However with Code ship neither of these things caused any issues as I found it to be very high quality and free.

On the subject of it being free, I know there are other CI solutions that are free however if you wish to use it with a private repository then unless you already have private Github repos then the fact that Code Ship integrates with Bitbucket can be extremely convenient as it means you can set up your personal projects with free private repository and a free CI / testing solution for absolutely free.

Overall Codeship has really impressed me in every way from its pricing to its clean and simple UI and its ease of use.

Avatar of marcqualie
Marc Qualie
Review ofCodeshipCodeship

Setting up continuous integration is complex and time consuming. I've used Codeship for 1 year now and I would never go back to previous systems such as self hosted Jenkins for any kind of web applications. The ability to change developer access on a per repository basis with the click of a button is very helpful and integration with all our services such as Github and Heroku make testing and deployment happen in the background so we can concentrate on our application and not worry about what state the live code is in. We also find the Slack integration (and flowdock before that) to be a great way to share the current code status with the whole team without getting spammed with emails on each commit and build state change while testing prototype branches or working on pull-requests.

Review ofCodeshipCodeship

Like most developers I'd love it if my deployment processes were always the same for every project so I never had to think about deployment. However, that's probably never going to happen unless we stop having clients. Codeship allows me to organize all of my deployments into one place and set them up once so that I don't have to remember the process for every nuance of every client.

Whether it's deploying a Drupal or Wordpress site to a private server, a Meteor.js app to Modulus, or just about anything else Codeship gives me the flexibility of writing my own shell scripts for custom jobs (private server) but also one-click solutions for common problems (deployment to Modulus).

Highly recommend them!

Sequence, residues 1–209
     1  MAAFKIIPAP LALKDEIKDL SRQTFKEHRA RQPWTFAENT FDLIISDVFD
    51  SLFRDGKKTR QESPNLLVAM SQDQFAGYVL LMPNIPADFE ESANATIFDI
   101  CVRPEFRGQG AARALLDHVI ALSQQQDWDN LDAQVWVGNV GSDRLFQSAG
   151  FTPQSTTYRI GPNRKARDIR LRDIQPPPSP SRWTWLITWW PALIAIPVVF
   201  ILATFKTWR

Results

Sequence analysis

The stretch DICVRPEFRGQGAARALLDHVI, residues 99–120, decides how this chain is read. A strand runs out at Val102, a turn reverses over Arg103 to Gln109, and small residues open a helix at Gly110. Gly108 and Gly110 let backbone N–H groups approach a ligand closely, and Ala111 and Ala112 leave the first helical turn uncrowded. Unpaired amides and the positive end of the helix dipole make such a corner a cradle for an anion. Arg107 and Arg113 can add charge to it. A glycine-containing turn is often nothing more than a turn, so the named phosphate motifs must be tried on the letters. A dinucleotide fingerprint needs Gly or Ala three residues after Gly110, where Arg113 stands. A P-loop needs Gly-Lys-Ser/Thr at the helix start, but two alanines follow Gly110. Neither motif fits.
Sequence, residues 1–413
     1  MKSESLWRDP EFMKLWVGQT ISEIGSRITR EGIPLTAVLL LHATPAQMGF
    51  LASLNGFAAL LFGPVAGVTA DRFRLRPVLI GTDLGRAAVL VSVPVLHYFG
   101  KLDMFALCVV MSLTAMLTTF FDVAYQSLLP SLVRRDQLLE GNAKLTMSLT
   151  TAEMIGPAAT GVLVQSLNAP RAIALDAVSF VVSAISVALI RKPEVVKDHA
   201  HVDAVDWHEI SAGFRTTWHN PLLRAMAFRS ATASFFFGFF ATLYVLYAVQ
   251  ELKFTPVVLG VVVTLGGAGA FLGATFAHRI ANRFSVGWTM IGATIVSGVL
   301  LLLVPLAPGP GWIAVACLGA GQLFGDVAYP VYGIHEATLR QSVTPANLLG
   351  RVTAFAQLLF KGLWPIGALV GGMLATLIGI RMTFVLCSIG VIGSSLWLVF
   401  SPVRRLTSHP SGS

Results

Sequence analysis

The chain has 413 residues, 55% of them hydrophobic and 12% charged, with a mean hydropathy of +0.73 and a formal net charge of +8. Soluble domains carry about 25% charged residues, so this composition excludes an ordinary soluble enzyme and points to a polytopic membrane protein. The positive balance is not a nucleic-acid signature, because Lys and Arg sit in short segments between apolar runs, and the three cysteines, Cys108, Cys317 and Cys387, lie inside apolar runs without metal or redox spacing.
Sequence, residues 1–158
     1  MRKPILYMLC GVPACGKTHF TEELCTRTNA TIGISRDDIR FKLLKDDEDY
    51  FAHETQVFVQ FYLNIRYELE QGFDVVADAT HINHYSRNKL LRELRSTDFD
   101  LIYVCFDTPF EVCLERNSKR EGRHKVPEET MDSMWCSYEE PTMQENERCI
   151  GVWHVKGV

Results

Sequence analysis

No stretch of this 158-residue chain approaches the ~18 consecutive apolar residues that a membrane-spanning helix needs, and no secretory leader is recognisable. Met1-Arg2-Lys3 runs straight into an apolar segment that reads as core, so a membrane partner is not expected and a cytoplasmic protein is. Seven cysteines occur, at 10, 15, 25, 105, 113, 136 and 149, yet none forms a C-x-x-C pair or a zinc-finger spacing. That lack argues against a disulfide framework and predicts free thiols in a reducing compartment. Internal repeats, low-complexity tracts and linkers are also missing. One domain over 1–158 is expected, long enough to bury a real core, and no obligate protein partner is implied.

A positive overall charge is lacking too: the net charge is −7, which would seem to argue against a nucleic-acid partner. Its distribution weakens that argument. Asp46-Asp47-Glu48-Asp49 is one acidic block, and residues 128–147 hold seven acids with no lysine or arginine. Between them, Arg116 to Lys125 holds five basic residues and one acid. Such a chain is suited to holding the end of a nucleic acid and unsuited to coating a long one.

Review ofCodeshipCodeship

It's not easy to differentiate a CI/CD service because integrations matter so much more than the service itself. Didn't even need to read any docs, it just works exactly as you expect it to.

Pros:

  • Pipelines for running tests in parallel (freemium).
  • Easiest setup of any CI service I've tried.
  • Mandatory build status image service.

Cons:

  • Test runners are alright, but not that powerful. Py.test can run tests in parallel on its own, but enabling that feature doesn't seem to speed up Codeship runs.
  • Doesn't detect tox environments, so you have to specify one environment per pipeline manually.
Avatar of gandhiShepard
Ben Gandhi-Shepard
Review ofCodeshipCodeship

I spent half a day grepping CodeShip and now I have a sweet deployment process for WP sites. After a month of wrestling with Bamboo I decided to give CodeShip a try thanks to an article by CodeShip's Roman Kuba about deploying WP sites

I am now killin' WP development with my CodeShip + WPEngine setup. This is also making WP development/deployment fun for the first time. CodeShip f*cking rocks.

Avatar of tschellenbach
CEO at Stream
Review ofTravis CITravis CI

In the past we used to run Jenkins. The build server always had weird issues and was a pain to maintain. Travis is a great solution for CI. Their Debug build features makes it trivial to figure out why your build broke. The integration with Github is also very slick. One thing they could improve is the documentation on the .travis.yaml format. All in all, great company and very responsive supports. Over here at getstream.io we're a fan. Keep up the good work guys!

How developers use Codeship and Travis CI
Avatar of datapile
datapile uses Travis CITravis CI

Travis CI is our pillar for automated deployment, pull request testing, auto-merging (for non-mission-critical projects), and build testing per commit / release.

It is highly configurable, super cheap, and extremely robust (supports every language and configuration we've thrown at it).

Avatar of Pēteris Caune
Pēteris Caune uses Travis CITravis CI

While we usually run tests before commits, Travis goes further and tests with different Python versions and different database backends. It works great, and, best of all, it is free for open source projects.

Avatar of Andrew Gatenby
Andrew Gatenby uses CodeshipCodeship

We use this as a CI tool when working on our API and related tools. The setup is relatively painless and it hooks directly into our Github repo's to provide reports and feedback.

Avatar of Dieter Adriaenssens
Dieter Adriaenssens uses Travis CITravis CI

Travis CI builds and tests every commit. It's also used to deploy Buildtime Trend as a Service to Heroku and the Buildtime Trend Python library to the PyPi repository.

Avatar of Nate Ferrell
Nate Ferrell uses Travis CITravis CI

Travis CI is critical for Linux and macOS CI tests for the Powershell module. Travis runs the same tests we run in AppVeyor in parallel.

Avatar of RentChek
RentChek uses CodeshipCodeship

Runs a full test suite whenever we push changes to master and if everything is good, automatically deploys our changes to production.

Avatar of Andrew Williams
Andrew Williams uses Travis CITravis CI

To ensure that what works locally will also work for someone else. Also used to send code coverage to codeintel

Avatar of Kim Do Hyeon
Kim Do Hyeon uses CodeshipCodeship

원래 CircleCI 쓰다가 갑자기 슬랙으로 알림오는게 안돼서 Codeship 쓰는 중 Circle CI가 더 편함

Avatar of azawisza
azawisza uses CodeshipCodeship

build center and continous deployment for all services

Avatar of Grubster
Grubster uses CodeshipCodeship

A QA tool that runs the platform's automated tests

How much does Codeship cost?
How much does Travis CI cost?